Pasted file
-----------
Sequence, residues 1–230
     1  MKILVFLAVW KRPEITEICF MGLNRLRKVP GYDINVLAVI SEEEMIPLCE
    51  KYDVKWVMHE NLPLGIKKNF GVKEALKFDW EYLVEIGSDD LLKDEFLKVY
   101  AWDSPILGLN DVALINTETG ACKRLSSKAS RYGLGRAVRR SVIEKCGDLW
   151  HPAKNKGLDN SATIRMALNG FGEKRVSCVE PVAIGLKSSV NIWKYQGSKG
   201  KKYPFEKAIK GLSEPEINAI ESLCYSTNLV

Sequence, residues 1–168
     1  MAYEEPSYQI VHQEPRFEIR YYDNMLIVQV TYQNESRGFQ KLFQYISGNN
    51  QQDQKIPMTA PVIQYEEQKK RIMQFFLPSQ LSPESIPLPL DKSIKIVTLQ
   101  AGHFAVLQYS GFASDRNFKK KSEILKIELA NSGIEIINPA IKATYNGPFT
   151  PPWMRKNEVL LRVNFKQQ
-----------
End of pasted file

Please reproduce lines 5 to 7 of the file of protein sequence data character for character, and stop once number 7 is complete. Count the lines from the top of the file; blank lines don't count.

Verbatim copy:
   151  HPAKNKGLDN SATIRMALNG FGEKRVSCVE PVAIGLKSSV NIWKYQGSKG
   201  KKYPFEKAIK GLSEPEINAI ESLCYSTNLV

Sequence, residues 1–168